“Most people think that winning the argument is what matters, not learning the truth. He who regards conversation as a battle can win only by being an antagonist, only by disagreeing successfully, whether he is right or wrong. The reader who approaches a book in this spirit reads it only to find something he can disagree with. For the disputatious and the contentious, a bone can always be found to pick a quarrel over. It makes no difference whether the bone is really a chip on your own shoulder.”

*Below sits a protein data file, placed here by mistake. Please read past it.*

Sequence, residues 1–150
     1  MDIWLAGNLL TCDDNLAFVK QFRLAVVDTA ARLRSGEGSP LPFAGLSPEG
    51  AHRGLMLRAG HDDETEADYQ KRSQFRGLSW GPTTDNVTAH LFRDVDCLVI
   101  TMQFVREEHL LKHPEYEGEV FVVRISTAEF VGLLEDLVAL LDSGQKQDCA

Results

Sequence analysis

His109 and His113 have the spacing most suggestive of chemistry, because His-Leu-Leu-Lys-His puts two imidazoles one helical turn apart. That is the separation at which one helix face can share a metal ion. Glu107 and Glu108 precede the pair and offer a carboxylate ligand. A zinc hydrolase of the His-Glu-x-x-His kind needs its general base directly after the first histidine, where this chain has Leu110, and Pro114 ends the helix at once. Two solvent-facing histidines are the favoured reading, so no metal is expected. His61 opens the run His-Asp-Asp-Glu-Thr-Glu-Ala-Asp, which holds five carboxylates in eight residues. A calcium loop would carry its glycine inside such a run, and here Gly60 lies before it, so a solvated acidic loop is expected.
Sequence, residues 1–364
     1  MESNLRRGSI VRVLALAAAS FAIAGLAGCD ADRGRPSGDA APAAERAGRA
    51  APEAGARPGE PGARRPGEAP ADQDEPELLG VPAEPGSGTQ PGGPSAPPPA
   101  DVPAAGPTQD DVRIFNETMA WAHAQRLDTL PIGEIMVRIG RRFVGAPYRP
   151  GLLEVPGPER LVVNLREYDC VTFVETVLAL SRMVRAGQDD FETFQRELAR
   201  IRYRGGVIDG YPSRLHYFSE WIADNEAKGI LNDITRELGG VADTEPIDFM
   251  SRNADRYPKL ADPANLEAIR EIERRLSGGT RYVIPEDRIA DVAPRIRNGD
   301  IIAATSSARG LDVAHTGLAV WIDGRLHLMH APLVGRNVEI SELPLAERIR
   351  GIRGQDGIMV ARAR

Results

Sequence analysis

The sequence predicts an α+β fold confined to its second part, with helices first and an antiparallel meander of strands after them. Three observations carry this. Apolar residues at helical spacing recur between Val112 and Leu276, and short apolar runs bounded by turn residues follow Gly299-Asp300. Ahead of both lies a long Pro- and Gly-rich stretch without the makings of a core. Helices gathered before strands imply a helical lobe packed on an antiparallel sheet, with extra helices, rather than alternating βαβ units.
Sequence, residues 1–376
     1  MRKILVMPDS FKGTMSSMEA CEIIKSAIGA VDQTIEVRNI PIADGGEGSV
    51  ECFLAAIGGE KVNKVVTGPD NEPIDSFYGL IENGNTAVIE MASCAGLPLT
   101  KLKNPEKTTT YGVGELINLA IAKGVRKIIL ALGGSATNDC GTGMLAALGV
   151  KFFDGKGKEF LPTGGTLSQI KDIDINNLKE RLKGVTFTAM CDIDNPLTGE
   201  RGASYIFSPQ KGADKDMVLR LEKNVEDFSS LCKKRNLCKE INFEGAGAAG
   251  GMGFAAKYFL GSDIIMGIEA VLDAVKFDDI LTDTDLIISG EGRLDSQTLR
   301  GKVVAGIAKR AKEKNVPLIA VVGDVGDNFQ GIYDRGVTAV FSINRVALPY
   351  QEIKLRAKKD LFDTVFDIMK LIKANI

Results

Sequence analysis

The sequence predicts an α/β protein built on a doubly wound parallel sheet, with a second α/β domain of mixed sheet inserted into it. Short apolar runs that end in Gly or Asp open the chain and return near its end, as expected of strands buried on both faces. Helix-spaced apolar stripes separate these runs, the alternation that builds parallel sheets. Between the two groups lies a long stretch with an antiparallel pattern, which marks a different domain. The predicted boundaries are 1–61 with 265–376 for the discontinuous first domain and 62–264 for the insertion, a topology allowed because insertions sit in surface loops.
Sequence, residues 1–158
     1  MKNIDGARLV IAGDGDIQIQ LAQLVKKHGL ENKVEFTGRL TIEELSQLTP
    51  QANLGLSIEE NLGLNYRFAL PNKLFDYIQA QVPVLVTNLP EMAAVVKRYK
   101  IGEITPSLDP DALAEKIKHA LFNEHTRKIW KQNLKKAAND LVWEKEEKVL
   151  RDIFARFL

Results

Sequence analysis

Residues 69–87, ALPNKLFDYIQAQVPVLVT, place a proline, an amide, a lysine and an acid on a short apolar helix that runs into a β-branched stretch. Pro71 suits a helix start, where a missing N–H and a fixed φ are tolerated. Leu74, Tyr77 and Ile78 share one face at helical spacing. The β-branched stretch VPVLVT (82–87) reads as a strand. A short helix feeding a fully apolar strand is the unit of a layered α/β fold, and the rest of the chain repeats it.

[…]“But if he realizes that the only profit in conversation, with living or dead teachers, is what one can learn from them, if he realizes that you win only by gaining knowledge, not by knocking the other fellow down, he may see the futility of mere contentiousness.”1
– Mortimer J. Adler & Charles Van Doren
1 Mortimer J. Adler & Charles Van Doren, How to Read a Book (New York, NY: Simon & Schuster, Inc., 1972), p. 146-147.
What was last year’s post? See here.